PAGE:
End of eviction ban ‘may increase number of homeless in Brighton and Hove’

Councillors in Brighton and Hove are concerned that more people may become homeless as a result of the ban on evictions ending.

Wednesday, 2nd June 2021, 4:25 pm
The ban on evictions ended on Monday

Bailiff-enforced evictions had temporarily been banned as a result of the pandemic, however this ban came to an end on Monday (May 31).

The local Green party says that eviction is a failure and want landlords and tenants to work cooperatively together to sustain tenancies.

Councillors want to work closely with landlords to avoid the use of ‘easy routes’ and has committed to supporting both tenants and landlords to avoid evictions happening.

As the ban ends, they are writing to landlords in Brighton and Hove to outline the council’s offer.

Meanwhile the homelessness and housing charity BHT Sussex is urging renters to get advice as soon as possible if they are worried about losing their home.

The council is also exploring plans for how to best support renters, including researching and developing a social lettings agency, reviewing the feasibility of an ethical loan scheme for renters and to developing an advice hub for private renters.

Councillor David Gibson, joint chair of Housing committee said: “We are concerned that the ending of the eviction ban may increase the number of people homeless in our city and are concerned to see it ending.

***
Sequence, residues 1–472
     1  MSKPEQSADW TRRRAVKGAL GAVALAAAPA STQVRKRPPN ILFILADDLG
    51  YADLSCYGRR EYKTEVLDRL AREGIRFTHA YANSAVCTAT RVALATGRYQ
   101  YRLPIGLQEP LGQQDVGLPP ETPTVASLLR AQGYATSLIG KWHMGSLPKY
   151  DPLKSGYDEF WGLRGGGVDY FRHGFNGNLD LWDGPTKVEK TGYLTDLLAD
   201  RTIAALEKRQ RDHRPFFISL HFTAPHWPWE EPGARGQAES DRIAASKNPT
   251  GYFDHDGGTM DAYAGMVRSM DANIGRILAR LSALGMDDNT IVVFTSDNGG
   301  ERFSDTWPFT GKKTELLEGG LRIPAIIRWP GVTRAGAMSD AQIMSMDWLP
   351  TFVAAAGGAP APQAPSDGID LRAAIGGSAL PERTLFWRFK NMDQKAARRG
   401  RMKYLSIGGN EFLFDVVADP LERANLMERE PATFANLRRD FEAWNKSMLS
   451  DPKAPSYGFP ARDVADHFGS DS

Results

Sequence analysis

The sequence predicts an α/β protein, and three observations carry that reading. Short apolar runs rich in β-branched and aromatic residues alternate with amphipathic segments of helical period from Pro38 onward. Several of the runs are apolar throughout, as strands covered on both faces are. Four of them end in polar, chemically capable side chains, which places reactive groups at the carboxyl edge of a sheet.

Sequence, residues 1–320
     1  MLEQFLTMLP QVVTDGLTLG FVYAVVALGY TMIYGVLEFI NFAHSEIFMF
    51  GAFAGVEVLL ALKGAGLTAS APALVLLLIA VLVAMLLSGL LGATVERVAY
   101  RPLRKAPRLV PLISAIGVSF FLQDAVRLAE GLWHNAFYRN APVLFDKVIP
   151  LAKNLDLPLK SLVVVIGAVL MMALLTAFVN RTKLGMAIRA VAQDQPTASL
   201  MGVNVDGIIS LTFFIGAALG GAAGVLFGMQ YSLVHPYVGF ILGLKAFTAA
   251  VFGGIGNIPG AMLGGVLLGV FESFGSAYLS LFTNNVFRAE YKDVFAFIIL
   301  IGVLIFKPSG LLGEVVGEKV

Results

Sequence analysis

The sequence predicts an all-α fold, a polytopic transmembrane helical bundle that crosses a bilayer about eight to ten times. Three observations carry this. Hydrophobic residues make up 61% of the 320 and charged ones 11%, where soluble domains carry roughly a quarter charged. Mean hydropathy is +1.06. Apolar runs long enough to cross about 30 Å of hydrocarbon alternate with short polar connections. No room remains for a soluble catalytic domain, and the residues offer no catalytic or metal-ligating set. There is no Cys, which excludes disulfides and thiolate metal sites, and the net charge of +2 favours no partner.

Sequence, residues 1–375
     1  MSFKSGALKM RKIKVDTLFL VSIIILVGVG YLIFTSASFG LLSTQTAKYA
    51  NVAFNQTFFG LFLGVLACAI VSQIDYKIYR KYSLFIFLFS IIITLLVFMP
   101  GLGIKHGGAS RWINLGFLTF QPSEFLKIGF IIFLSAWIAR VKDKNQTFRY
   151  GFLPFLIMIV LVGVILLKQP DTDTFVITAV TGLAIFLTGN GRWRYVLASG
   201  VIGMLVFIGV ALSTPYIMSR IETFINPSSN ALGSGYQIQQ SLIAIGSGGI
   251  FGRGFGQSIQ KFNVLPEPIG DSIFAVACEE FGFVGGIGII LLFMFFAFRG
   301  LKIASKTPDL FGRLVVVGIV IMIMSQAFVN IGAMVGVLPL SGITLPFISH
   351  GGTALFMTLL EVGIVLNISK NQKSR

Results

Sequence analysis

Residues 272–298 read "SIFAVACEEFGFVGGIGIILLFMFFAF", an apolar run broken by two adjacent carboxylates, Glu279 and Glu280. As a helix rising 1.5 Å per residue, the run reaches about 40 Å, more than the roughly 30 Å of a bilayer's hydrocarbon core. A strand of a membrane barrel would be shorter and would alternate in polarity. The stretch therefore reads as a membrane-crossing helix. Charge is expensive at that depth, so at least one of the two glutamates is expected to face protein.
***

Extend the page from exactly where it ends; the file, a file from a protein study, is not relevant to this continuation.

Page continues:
“While we appreciate this is not a long-term solution, the fact remains that the loss of a privately rented home is a major cause of homelessness in the city.

“We are encouraging landlords to work with us and avoid the ‘easy route’ of eviction.

“We want to encourage all landlords to join the good landlord scheme and will support with brokering conversations between tenants and landlords to avoid eviction.”

Councillor Martin Osborne, who leads on the private rented sector for the Greens, said that too many rents in the city were unaffordable.

“Greens believe that renters should have greater security of tenure, with assured short hold tenancies being phased out and replaced with new stable rental tenancies and bringing in rent controls,” he said.

“These work well in other European countries, and we will continue to lobby government to introduce them.

“In the meantime, we are working hard as a city council to do what is within our power to make renting better for everyone.”